Toxic corporate workplace culture could be linked to Australia's spiral into depression.


The mental wellbeing of Australians is a pressing national issue – with one in five Australians experiencing sufficient symptoms of a mental disorder with factors related to employment (and unemployment) the most common risk factors of suicide in the working age population. Recently, Australia has seen a dramatic increase in the use of prescribed antidepressant medications to treat mental health related illnesses. Australia has also seen a pronounced increase in the use of prescribed opioid analgesics for noncancer pain, including opioid use for psychological distress and social stressors. It is plausible a rise in mental health problems and antidepressant and opioid medication is partly attributable to the corporate climate for worker mental health (i.e., the psychosocial safety climate, PSC).

About the project

This study will take an innovative approach to investigate prescription usage and the role of corporate climate via data linkage from the Australian Workplace Barometer (AWB) population survey (occupational health cohort) to the national Pharmaceutical Benefits Scheme (PBS) (public data). Data will investigate the plausible link between Australia’s high levels of antidepressant and opioid use and distress at work. This research aims to identify how PSC and workplace conditions contribute to employee wellbeing and distress that culminate in antidepressant and opioid medication use. 

The team

The project is led by Prof Maureen Dollard, Director of the PSC Global Observatory at UniSA, and supported by research team members including:

  • Dr Ali Afsharian (PSC-GO, JUS, UniSA)
  • Ms Cherie Crispin (PSC-GO, JUS, UniSA)
  • Prof Dr Christian Dormann (Johannes Gutenberg Universitat Mainz)
  • Prof Nicholas Glozier (The University of Sydney – Faculty of Medicine and Health)
  • Dr Tiffany Gill (The University of Adelaide – Adelaide Medical School)
  • Prof Anne Taylor (The University of Adelaide – Adelaide Medical School)

The impact

The project advances theory by probing corporate climate's role in work design, distress, mental health problems, stigma/discrimination and antidepressant and opioid use. It will determine if antidepressant and opioid use has led to underestimating work stress effects. Data will also be used to estimate the $AUD cost of work-related antidepressant and opioid use.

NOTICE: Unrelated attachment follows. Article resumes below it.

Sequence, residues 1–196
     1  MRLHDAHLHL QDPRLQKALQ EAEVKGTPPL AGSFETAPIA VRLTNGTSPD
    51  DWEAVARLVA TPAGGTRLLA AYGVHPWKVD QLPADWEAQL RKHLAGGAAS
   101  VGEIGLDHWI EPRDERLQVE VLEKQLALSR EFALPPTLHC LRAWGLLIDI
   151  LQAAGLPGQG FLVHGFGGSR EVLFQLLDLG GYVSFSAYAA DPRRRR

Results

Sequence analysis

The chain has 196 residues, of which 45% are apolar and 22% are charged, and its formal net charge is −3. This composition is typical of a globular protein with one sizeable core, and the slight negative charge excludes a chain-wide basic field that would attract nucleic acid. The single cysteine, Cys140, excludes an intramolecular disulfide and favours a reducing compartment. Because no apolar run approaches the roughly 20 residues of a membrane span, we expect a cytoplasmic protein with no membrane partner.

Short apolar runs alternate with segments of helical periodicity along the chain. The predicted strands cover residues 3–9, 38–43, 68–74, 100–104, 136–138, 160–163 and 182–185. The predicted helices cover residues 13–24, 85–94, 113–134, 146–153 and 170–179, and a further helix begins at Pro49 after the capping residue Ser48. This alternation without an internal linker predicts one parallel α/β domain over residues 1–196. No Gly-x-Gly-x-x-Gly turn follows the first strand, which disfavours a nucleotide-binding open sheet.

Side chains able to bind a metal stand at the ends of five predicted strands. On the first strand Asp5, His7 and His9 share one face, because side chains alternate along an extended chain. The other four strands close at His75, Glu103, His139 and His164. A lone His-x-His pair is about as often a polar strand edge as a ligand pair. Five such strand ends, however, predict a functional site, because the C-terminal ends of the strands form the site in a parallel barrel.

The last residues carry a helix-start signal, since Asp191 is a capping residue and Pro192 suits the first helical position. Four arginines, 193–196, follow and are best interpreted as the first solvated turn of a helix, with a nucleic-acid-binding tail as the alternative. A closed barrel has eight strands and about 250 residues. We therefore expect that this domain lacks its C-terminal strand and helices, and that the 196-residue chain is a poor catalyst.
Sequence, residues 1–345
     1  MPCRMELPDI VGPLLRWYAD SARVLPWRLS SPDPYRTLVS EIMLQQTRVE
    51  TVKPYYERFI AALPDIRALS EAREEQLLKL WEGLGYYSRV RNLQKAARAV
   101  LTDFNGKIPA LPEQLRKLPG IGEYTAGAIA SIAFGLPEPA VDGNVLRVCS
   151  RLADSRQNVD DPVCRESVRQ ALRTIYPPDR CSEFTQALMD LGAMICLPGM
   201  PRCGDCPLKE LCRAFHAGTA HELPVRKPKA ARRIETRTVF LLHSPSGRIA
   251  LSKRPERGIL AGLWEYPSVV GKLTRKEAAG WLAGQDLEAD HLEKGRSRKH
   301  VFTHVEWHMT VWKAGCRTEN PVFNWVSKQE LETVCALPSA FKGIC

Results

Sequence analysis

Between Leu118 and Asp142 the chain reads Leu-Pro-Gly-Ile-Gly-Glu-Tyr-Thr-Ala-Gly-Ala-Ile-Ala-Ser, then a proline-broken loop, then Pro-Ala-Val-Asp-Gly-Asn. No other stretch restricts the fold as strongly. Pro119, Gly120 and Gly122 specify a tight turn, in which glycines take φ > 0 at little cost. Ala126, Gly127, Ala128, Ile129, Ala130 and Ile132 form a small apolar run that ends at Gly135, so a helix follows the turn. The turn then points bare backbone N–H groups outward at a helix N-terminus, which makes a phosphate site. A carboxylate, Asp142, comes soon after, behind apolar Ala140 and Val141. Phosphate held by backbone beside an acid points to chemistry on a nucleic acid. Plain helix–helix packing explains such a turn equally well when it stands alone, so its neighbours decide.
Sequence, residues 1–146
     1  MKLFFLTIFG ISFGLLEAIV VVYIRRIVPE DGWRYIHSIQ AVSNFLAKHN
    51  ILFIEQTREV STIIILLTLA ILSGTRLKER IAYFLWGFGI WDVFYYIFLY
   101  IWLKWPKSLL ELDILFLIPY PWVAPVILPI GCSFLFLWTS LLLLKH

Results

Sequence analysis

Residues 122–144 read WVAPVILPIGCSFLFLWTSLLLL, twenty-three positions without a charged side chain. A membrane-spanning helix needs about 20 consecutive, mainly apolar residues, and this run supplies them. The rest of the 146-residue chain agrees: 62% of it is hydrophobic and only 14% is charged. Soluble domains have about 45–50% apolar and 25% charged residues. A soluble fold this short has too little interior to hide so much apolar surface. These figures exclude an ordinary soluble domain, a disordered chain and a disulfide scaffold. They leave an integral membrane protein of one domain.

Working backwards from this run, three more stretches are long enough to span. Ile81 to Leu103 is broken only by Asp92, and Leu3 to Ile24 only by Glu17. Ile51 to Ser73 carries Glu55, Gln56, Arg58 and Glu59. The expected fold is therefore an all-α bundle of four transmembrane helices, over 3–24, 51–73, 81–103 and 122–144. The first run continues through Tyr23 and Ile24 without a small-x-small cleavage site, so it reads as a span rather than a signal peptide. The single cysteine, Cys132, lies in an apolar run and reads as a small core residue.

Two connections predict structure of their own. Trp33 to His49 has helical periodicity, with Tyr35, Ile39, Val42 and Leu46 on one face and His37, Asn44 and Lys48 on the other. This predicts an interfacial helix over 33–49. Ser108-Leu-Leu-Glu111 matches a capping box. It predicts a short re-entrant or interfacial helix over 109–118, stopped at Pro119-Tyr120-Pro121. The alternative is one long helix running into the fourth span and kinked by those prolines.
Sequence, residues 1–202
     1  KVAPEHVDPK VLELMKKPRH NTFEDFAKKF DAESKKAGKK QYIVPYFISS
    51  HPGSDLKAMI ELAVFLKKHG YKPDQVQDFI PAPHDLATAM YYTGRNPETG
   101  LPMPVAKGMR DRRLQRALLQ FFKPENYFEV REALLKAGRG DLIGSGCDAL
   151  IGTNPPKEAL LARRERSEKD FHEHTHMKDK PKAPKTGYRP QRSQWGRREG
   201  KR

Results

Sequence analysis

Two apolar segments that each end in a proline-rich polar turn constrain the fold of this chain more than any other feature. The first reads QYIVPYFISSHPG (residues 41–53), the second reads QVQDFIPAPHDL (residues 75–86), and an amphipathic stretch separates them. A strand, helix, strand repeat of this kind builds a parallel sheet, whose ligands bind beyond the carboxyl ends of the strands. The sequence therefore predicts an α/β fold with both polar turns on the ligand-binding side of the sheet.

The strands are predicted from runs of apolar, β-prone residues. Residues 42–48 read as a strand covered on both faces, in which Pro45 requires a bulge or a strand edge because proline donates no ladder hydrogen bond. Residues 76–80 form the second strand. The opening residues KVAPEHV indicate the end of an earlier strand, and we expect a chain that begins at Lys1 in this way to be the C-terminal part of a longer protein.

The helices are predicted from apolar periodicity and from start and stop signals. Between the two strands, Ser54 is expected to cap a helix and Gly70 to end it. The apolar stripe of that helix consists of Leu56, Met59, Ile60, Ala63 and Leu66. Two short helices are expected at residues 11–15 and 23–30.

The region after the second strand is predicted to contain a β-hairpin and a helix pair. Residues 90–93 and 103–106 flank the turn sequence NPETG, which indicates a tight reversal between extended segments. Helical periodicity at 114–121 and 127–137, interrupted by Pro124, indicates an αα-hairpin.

The research is significant as this new knowledge will show public policymakers, both nationally and internationally, where to focus future attention to prevent work-related mental health problems, such as depression and suicidal thoughts. The research will also identify which workplace processes can be changed to reduce unnecessary medication costs, which could significantly reduce the burden on both national and international health systems and on disability and workers compensation systems, and provide new ideas to create safer, better-quality work.

The project addresses the national Australian research and innovation agenda by developing new evidence that may be used in the future to improve worker mental health as well as to reduce health system inefficiencies and inform Australian health decision making through linking different major government public datasets. Additionally, the research aligns with the World Health Organisation’s (WHO) Special Initiative for Mental Health (2019-2023) in increasing mental health awareness and reducing mental health stigma and efforts to increase the quality of mental health care through addressing factors within the workplace.  Finally, the study will contribute to the progress of global development goals through research on improving decent work conditions that is good for mental health as illustrated in the United Nations Foundation, Sustainable Development Goals.


Crispin, C. N., Afsharian, A., Loh, M.Y., Dollard, M. F., Dormann, C., Glozier, N., Gill, T. & Taylor, A. W. (2023). 
Psychosocial safety climate (PSC) and working conditions, predictors of mental health and antidepressant and opioid use in Australia: a study protocol for longitudinal data linkage. 
BMJ Open 2023, 13:e074235.